Non-medical estheticians, commonly known as beauty estheticians, are prominent in the beauty care industry and specialize in skin care with the goal of improving skin health and conditioning. Some specialize in particular areas and skin treatments, while others generalize and work with a wide range of skin-related issues.
Most estheticians work in salons, spas, beauty parlors, and medical offices (treating non-medical conditions), and some oversee their own independent operations. On the job, they typically inspect the skin of clients to assess their needs and make recommendations for treatment. They may provide facials, peels, or masks, and wax facial hair or use laser hair-removal devices, and some perform facial massages and utilize full-body treatments like wraps. They also provide advice to clients regarding ongoing skin care, as well as makeup and related products, and some may sell skin care products and treatments for home use.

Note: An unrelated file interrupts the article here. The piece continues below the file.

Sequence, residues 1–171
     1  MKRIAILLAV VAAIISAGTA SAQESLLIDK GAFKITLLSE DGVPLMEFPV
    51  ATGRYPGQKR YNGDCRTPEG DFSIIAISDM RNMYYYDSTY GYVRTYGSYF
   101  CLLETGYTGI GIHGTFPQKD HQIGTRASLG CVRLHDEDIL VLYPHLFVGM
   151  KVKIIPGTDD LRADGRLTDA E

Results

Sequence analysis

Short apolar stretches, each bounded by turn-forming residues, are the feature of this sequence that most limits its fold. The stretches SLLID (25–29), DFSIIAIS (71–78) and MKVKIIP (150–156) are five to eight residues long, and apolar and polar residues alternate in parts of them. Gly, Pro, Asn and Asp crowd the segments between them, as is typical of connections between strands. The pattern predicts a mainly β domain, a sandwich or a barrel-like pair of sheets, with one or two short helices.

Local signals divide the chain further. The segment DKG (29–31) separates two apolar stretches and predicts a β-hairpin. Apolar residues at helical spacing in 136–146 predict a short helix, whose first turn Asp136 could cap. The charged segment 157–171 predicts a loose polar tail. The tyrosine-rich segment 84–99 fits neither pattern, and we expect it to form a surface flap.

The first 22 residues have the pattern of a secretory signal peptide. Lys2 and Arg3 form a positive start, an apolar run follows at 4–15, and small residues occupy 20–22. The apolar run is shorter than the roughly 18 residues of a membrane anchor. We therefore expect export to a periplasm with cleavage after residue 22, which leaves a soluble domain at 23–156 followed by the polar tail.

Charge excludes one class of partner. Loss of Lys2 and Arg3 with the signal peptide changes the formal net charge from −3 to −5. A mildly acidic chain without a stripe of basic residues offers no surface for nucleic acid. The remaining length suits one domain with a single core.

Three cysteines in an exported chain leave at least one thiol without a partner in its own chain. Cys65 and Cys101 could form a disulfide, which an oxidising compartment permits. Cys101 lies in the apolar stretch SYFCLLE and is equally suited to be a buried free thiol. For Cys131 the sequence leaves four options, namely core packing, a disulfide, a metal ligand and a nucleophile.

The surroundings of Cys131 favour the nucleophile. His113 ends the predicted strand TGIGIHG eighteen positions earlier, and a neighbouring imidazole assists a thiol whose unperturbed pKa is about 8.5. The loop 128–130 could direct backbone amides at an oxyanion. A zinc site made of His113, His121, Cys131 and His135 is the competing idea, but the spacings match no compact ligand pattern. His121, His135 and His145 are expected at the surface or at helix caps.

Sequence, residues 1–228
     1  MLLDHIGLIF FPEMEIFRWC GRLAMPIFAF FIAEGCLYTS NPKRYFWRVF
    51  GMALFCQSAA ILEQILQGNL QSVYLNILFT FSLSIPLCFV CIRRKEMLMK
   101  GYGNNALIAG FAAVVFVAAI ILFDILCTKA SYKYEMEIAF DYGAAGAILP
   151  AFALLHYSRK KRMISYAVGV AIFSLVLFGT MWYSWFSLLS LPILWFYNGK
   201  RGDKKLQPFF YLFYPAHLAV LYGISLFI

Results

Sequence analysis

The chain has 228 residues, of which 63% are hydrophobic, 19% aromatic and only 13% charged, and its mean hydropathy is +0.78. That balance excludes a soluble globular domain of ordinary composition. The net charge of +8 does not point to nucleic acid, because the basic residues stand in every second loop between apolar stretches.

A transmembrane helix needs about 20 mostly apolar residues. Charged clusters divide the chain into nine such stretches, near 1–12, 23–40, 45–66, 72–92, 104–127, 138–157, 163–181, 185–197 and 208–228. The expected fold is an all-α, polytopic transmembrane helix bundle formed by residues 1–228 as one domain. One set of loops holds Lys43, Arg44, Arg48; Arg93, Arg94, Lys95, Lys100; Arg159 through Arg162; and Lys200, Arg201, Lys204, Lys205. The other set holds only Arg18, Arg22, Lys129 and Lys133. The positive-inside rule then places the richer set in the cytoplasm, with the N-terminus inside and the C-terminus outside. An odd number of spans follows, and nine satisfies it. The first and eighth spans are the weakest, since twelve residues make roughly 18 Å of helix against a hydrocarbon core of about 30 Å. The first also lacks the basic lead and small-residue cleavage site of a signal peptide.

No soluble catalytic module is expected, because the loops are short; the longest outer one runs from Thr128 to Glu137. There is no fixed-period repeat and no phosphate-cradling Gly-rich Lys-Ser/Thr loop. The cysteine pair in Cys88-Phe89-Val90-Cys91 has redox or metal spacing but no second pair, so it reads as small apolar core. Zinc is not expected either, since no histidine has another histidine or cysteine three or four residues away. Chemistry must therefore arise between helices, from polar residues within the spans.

Aspiring non-medical estheticians should complete an accredited program in cosmetology or esthetics and pass state-run written and practical exams, and at least 600 hours of training may also be required to become licensed in the field. Those in this position must have communication skills, awareness of safety concerns related to chemicals used in treatments, the ability to operate and maintain professional equipment, and the ability to stand for long periods of time while working with clients.
Esthetician (Non-Medical) Tasks
Engage potential and scheduled customers to describe and sell services.
Keep a hygienic and pleasing workspace and maintain equipment.
Check clients in and out, accept payment, update schedules and maintain front desk.
Perform beauty and health services such as waxing, nail care, hair care, and facial peels.